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Equatorial Guinea declares outbreak of Ebola-like Marburg virus

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Health workers use gloves and protective clothing when treating Marburg patients (Credit: WHO)

An illness which has killed at least nine people in Equatorial Guinea has been identified as Marburg, a highly infectious and deadly Ebola-like virus for which there’s no vaccine, officials announced Monday.

The outbreak was first detected last Tuesday, affecting people who went to a funeral ceremony in Kie-Ntem province, which borders Cameroon and Gabon. It prompted a local lockdown and restrictions along the border with Cameroon.

One of the eight samples which were sent to the Institut Pasteur laboratory in Senegal has since tested positive for Marburg virus, the World Health Organization said on Monday. The other results were not yet known. Samples were negative for Ebola, Lassa, Dengue and Yellow Fever.

So far, Equatorial Guinea has reported 25 suspected cases, including 9 deaths. Their symptoms include nose bleeds, fever, fatigue, joint pain and blood-stained vomit and diarrhoea.

“Marburg is highly infectious,” said Dr. Matshidiso Moeti, WHO’s Regional Director for Africa. “Thanks to the rapid and decisive action by the Equatorial Guinean authorities in confirming the disease, emergency response can get to full steam quickly so that we save lives and halt the virus as soon as possible.”

Marburg virus disease is a highly virulent disease that causes haemorrhagic fever and has a case fatality ratio of up to 88%. It’s in the same family as the virus that causes Ebola.

Illness caused by Marburg virus begins abruptly, with high fever, severe headache and severe malaise. Many patients develop severe haemorrhagic symptoms within seven days. Human-to-human transmission is possible through direct contact with bodily fluids, surfaces and materials.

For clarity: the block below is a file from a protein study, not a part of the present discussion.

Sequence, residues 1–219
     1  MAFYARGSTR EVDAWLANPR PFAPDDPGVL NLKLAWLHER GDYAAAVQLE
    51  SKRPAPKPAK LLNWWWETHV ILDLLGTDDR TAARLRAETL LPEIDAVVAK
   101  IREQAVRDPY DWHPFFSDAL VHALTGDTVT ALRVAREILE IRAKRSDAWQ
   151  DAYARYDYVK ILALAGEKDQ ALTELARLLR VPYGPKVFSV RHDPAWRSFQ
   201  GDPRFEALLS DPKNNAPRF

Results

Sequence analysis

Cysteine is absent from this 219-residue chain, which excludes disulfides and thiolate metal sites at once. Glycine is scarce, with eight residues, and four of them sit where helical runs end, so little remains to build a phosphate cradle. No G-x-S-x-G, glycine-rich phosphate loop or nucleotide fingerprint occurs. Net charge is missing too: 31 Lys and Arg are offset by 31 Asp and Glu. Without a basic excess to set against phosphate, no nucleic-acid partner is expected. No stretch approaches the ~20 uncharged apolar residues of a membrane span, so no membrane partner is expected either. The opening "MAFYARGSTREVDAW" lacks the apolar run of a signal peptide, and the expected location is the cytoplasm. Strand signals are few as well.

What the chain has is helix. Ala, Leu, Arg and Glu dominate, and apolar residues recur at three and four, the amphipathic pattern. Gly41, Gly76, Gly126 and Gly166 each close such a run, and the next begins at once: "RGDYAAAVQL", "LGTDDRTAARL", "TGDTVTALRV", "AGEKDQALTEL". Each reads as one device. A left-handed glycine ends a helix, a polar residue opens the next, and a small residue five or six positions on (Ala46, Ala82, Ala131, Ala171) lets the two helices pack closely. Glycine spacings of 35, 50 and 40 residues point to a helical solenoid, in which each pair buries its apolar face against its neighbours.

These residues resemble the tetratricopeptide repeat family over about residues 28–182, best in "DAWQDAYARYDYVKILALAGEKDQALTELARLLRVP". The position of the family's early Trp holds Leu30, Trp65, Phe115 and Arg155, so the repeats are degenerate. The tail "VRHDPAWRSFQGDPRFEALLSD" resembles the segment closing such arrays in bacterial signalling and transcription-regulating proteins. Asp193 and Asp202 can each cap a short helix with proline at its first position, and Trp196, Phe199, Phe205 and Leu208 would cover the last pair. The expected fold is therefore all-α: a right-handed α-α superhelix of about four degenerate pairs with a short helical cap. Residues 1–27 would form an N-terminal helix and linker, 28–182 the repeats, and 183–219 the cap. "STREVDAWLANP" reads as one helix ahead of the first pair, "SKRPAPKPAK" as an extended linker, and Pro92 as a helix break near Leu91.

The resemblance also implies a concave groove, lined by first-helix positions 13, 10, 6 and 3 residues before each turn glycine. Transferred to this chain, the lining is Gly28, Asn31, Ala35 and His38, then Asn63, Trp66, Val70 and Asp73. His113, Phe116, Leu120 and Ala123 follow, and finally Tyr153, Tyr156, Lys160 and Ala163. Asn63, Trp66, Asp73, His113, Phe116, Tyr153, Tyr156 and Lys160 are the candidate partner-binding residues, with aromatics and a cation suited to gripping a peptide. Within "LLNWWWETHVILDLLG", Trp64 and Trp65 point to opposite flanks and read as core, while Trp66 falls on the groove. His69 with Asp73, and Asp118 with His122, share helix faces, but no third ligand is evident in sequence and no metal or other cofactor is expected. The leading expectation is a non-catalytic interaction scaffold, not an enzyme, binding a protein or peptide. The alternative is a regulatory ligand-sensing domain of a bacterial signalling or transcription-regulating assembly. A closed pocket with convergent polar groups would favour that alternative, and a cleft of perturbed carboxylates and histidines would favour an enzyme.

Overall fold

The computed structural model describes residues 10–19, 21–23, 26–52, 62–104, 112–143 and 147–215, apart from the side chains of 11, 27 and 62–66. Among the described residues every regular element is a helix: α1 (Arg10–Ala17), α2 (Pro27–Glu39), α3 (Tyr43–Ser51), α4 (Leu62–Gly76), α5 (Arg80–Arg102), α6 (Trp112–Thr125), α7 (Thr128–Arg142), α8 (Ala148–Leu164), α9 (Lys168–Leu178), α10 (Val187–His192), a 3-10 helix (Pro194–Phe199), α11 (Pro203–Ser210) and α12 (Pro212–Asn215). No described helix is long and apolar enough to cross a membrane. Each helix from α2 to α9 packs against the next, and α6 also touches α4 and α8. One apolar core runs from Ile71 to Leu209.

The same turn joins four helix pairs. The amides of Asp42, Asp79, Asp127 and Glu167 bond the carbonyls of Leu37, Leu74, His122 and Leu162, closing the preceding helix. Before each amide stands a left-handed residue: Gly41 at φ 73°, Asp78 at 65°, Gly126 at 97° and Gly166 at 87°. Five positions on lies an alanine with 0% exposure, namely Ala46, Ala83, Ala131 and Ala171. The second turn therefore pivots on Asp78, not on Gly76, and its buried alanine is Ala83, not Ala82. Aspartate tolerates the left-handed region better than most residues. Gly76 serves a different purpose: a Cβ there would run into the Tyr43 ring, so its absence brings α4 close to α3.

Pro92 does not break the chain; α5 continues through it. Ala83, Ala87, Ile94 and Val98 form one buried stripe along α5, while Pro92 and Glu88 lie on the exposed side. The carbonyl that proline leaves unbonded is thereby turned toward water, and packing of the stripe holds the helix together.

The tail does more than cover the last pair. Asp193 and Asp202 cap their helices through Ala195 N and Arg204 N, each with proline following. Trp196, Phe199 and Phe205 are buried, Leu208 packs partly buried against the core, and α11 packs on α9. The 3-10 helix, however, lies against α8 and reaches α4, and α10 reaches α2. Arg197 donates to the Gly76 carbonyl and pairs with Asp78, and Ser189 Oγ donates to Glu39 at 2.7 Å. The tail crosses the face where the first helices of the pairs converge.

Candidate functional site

There are no vaccines or antiviral treatments approved to treat the virus. However, supportive care – rehydration with oral or intravenous fluids – and treatment of specific symptoms, improves survival. A range of potential treatments, including blood products, immune therapies and drug therapies, as well as candidate vaccines with phase 1 data are being evaluated.

“Advance teams have been deployed in the affected districts to trace contacts, isolate and provide medical care to people showing symptoms of the disease,” WHO said in a statement. “Efforts are also underway to rapidly mount emergency response, with WHO deploying health emergency experts.”

Equatorial Guinea’s health ministry said a health alert has been declared for Kie-Ntem province and the Mongomo District in neighboring Wele-Nzas province. The lockdowns in the affected area has been extended and more than 4,300 people have been quarantined.

Only a few cases of Marburg were reported during the past 10 years and the current outbreak in Equatorial Guinea appears to be the biggest one since at least 2012, when the virus infected 18 people in Uganda. The biggest outbreak happened in Angola in 2004-05, killing 227 out of 252 cases.

Map: Equatorial Guinea in central Africa (Credit: Google)
Electron micrograph of Marburg virions (Credit: CDC/Erskine Palmer, Russell Regnery)

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